I’ve been reading stories and posting three-mood story breakdowns in a long thread over on Twitter. As I work out what I’m saying, it will make its way into blog posts, but you can find the thread (with typo) here: https://mobile.twitter.com/tanaudel/status/1475244655033798661

Lauren Bajek asked if I ever play with a different number than three.

The answer is definitely yes. The three-mood approach feels like just the right size for general and high-level purposes (encountering, extrapolating). It’s also very portable — easy to remember and adapt, just long enough to give a sweep of movement, a sketch of the ride the story takes the reader on.

However, for particular purposes, or to really get to grips with a specific story, or to splint a draft onto a fairy tale when fixing it, I also like to break stories down further.

So e.g. if I’m looking for a story to map a draft onto, I’ll list out a few fairytales and look for ones which roughly echo what I’ve done, and then list their various big moods/events/stages (then look for places where I could adjust mine).

Here are some examples from a recent project, where I was seeking (a) a fairy tale that echoed something I’d already written, and (b) the places where the fairy tale and my story didn’t match.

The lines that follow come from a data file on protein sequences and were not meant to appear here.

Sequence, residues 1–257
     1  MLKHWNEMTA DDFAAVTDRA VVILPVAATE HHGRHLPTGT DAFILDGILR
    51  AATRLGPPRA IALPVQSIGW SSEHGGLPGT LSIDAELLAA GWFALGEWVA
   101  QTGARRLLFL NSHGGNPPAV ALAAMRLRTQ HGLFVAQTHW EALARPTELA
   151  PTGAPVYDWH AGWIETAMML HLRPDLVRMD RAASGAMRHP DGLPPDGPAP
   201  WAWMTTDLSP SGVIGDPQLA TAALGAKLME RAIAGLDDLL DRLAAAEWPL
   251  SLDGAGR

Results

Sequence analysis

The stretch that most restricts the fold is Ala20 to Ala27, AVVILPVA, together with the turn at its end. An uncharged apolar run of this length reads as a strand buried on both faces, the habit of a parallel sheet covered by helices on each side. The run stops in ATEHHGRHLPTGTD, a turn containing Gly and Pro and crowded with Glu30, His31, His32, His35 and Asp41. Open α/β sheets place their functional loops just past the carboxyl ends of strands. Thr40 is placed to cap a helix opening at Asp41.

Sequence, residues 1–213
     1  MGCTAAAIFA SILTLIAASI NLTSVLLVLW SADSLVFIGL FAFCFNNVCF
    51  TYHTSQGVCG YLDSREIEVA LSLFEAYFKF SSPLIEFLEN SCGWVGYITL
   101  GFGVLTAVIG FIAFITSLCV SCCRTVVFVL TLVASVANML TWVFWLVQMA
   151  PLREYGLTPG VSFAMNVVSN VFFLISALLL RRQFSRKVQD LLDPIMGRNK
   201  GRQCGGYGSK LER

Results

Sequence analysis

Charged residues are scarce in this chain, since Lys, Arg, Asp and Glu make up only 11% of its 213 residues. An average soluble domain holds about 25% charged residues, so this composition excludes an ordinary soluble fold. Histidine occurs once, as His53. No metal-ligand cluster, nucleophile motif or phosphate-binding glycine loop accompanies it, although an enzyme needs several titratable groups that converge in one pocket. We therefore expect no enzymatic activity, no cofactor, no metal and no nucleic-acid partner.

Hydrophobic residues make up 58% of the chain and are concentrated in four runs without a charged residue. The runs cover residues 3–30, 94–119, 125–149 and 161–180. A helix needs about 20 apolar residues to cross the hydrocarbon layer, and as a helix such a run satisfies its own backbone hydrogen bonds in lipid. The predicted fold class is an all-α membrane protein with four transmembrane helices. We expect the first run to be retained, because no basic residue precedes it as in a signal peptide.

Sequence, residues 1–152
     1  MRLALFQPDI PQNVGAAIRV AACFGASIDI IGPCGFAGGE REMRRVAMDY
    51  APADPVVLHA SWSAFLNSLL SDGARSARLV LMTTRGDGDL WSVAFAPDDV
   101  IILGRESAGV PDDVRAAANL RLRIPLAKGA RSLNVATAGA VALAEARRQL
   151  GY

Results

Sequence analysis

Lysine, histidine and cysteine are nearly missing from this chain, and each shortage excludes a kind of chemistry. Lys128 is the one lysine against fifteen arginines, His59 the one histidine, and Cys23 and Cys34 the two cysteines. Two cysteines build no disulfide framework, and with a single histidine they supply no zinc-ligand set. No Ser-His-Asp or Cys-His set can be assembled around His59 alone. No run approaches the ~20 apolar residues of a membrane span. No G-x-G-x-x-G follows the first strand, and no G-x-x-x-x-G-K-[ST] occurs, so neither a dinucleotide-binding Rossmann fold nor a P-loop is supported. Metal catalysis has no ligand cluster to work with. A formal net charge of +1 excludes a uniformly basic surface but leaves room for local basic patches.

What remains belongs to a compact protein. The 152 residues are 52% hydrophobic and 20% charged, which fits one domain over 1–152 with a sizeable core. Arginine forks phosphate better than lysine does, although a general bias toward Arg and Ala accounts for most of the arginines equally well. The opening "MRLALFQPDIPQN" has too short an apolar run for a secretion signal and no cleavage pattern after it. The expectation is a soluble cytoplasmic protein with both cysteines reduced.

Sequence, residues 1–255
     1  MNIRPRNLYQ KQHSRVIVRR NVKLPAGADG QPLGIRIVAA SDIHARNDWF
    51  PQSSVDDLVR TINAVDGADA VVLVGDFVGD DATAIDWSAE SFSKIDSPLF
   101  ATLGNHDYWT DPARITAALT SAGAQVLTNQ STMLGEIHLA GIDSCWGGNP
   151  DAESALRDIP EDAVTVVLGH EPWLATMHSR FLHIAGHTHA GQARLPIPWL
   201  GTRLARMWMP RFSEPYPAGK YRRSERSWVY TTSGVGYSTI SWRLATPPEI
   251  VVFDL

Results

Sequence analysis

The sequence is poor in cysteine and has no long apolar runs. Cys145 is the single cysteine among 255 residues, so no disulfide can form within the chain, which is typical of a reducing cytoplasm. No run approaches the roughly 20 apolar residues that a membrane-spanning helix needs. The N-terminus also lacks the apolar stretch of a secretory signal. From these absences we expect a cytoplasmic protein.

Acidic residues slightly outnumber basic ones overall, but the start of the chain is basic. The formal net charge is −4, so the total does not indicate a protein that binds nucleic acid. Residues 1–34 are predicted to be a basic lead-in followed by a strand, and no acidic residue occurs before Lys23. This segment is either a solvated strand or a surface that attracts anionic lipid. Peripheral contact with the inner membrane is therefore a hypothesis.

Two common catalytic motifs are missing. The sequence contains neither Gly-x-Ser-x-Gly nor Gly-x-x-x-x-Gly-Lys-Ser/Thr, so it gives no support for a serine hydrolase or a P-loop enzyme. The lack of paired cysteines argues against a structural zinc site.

Breakdowns of Toads & Diamonds; Edward Gorey’s The Doubtful Guest

In this case, it’s not about adapting a pre-existing story. It’s about finding a story that successfully did the thing I was trying to do, and looking at how it wears its socks, and then pulling my story’s socks up.

For example, if I had a story with a guest arriving, staying, and being accepted with polite passivity, that might work just fine. But if it wasn’t sparking, and I compared it to The Doubtful Guest, then I could see that making the guest somewhat chaotic (as well as unexpected) would increase the tension on the other parts.

Breakdowns of “The Princess and the Pea”, the story of Daphne, the (various) bone harp stories, and Goldilocks.

These examples focus more on interactions than moods, but that was what I was examining. If I was looking more at, e.g, family patterns, or settings, I’d break them down differently.

For example, take Goldilocks. Above, focusing on broad interactions, I broke down the key events as:

  • Family goes out
  • Goldilocks sneaks in
  • Goldilocks destroys things